My Amazon Echo just arrived, months after I pre-ordered it. I'd totally forgotten about it until I got a ship notification the other day, and then it was there, a strange little tube promising yet another peek at a future that never seems fully within grasp.
After two days with it, it's mostly useful as a sort of permanent Siri: we've set kitchen timers with it, asked it for the weather, and otherwise generally ignored it. It seemed destined to be yet another foolish gadget buy, until I randomly asked it to play some music for me.
And then it was magic. All of the stress and panic I feel when I have to pull out a smartphone and open an app and pick a playlist and select my AirPlay or Bluetooth speakers and wait for it all to work is gone. I just ask for music, and it's there. Great.
But it's also super depressing, because it's just another example of how the rise of streaming media has brought crazy digital rights management back into our lives. We've completely traded convenience for ecosystem lock-in, and it sucks.
We've completely traded convenience for ecosystem lock-in, and it sucks
Right now, the Echo can play music from Amazon's Prime Music service, Pandora, and whatever random music I've uploaded to my Amazon cloud locker. This means that the music selection is pretty bad! I stopped buying music around the time I started using Spotify, so I don't have much new stuff to upload, and Prime Music has a fairly thin catalog compared to Spotify. Basically this thing can play my 2000s-era iTunes collection at me, which means I'm listening Wilco and The Clash way more than I have in the past few years. Is that good? It might be good.
But next week Apple is probably going to launch another streaming service, and if history is any guide, it's only going to work with Apple products. That means I'll have yet a fourth music service in my life (Spotify, Google Play Music, Prime, and Apple Music) and a fourth set of content exclusives and pricing windows to think about instead of just listening to music.
In 2007, Steve Jobs wrote a fiery essay on Apple.com called "Thoughts on Music." The essay is now gone from Apple's site, but it remains as powerful as ever, a straightforward examination of the state of digital music and the pros and cons of applying digital rights management to purchased music files — there were no streaming services back then. The labels had forced Apple to use DRM in the early days of iTunes, and Jobs clearly recognized that although Apple and the iPod had emerged as the early winners in digital music, the effort required to maintain DRM over time (or license Apple's DRM to other companies) would be better spent making new products and services.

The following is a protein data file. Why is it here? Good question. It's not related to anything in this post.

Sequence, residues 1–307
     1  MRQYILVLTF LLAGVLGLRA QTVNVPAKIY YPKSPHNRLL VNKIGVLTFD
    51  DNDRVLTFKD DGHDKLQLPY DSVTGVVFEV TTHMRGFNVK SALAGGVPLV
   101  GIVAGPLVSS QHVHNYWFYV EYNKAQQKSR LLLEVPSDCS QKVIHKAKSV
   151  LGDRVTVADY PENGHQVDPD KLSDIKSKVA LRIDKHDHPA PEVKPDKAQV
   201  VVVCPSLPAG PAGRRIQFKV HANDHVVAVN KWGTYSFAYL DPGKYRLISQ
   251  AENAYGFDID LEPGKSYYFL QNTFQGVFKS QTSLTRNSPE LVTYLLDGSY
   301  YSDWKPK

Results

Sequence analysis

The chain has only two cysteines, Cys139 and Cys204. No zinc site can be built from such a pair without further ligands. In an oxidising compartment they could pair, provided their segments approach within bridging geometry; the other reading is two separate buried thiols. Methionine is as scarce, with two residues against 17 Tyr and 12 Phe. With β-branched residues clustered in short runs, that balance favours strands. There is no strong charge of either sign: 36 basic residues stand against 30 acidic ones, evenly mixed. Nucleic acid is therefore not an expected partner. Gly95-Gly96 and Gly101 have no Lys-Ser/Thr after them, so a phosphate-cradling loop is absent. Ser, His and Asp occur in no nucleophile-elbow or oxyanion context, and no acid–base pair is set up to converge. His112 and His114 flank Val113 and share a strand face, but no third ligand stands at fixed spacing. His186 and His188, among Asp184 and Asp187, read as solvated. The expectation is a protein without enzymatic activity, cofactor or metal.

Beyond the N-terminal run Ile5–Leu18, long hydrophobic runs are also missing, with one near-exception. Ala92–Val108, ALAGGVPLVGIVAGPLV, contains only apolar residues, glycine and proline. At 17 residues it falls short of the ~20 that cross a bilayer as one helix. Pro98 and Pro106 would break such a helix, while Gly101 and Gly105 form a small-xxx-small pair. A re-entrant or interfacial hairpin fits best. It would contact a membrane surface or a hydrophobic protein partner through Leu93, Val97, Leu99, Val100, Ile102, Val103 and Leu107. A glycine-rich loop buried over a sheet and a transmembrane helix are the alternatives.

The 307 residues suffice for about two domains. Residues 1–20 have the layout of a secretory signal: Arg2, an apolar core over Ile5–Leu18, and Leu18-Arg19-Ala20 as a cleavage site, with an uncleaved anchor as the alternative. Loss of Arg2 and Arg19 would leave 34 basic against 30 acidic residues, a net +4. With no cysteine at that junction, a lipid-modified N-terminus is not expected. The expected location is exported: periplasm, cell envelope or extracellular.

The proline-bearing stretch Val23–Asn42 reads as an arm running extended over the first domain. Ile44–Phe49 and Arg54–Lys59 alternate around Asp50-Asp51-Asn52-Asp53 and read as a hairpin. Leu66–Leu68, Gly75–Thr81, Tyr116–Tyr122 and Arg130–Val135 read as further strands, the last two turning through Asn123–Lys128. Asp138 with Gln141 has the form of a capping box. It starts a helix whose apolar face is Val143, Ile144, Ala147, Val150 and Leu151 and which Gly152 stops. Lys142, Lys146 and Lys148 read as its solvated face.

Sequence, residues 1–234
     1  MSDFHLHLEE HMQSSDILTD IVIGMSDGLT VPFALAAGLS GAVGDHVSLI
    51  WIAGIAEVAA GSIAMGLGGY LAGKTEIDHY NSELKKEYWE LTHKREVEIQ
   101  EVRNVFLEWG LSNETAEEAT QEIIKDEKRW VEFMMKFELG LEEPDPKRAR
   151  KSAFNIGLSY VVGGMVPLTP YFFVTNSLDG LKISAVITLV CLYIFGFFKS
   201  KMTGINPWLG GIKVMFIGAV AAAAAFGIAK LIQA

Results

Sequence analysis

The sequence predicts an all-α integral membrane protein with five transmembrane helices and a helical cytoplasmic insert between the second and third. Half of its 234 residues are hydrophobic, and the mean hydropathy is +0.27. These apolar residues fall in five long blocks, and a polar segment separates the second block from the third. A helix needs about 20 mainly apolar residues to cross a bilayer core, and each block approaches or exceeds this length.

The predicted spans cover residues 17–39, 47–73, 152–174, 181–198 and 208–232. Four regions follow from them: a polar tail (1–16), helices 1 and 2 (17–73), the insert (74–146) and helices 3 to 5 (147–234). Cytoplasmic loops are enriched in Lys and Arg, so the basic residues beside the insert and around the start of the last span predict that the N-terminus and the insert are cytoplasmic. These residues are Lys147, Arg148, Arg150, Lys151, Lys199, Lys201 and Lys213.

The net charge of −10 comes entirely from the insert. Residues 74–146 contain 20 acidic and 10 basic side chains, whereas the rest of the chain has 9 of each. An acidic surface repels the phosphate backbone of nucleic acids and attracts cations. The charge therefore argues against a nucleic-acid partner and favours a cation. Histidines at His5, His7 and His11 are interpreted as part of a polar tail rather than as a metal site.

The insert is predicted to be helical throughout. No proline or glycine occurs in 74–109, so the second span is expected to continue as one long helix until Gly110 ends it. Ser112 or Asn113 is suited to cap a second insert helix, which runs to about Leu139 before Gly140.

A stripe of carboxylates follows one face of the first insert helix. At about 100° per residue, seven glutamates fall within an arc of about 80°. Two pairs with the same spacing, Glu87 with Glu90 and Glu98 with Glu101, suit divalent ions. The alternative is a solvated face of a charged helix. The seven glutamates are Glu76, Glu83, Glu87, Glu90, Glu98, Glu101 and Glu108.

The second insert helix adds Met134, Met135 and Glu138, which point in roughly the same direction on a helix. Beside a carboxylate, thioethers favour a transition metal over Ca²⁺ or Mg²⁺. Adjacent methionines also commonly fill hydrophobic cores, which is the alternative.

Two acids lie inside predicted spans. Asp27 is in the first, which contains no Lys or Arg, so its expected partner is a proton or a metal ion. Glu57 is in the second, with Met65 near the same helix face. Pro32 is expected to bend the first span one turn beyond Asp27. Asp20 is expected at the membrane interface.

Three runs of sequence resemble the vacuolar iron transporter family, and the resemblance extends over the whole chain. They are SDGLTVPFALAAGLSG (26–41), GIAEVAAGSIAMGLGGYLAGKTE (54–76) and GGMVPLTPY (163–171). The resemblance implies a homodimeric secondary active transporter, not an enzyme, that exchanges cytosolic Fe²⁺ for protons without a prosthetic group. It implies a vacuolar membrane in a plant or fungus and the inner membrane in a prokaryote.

"If anything, the technical expertise and overhead required to create, operate and update a DRM system has limited the number of participants selling DRM protected music," wrote Jobs. "If such requirements were removed, the music industry might experience an influx of new companies willing to invest in innovative new stores and players. This can only be seen as a positive by the music companies."
But it's no longer the labels pushing DRM on the music services; it's the services themselves, because locking you into a single ecosystem guarantees you'll keep paying their monthly subscription fees and hopefully buy into the rest of their ecosystem. Google Play Music is an objectively better experience on an Android phone than an iPhone, because it can download files in the background and purchase music not available for streaming. Apple Music might be available on Android, but it probably won't be as good, because Apple wants you to buy an iPhone. Playing Spotify through Bluetooth or AirPlay on iOS requires a trip through a totally superfluous screen promoting Spotify Connect. YouTube is the best way to find and share a single song on a desktop computer, but it remains a strange little island, disconnected from almost every other service. I used to love playing MP3s on my Xbox 360 while gaming, but there's no Spotify app on the Xbox One, so those days are over.
There's not even a single standard playlist format to make switching services easier
There's not even a single standard playlist format to make switching services easier, like the old .m3u playlist files my friends and I used to swap back and forth between iTunes and WinAmp and whatever else. There's just lock-in, endless lock-in.
Is this what we wanted? Am I really despairing for the days when I maintained a huge collection of legal and not-so-legal MP3 files that could play on any device I owned without any hassle? I don't know.
All I know is that I'm listening to a lot of Wilco on my Amazon Echo.
Verge Video: Apple Music is just one of the
five four things we expect at WWDC 2015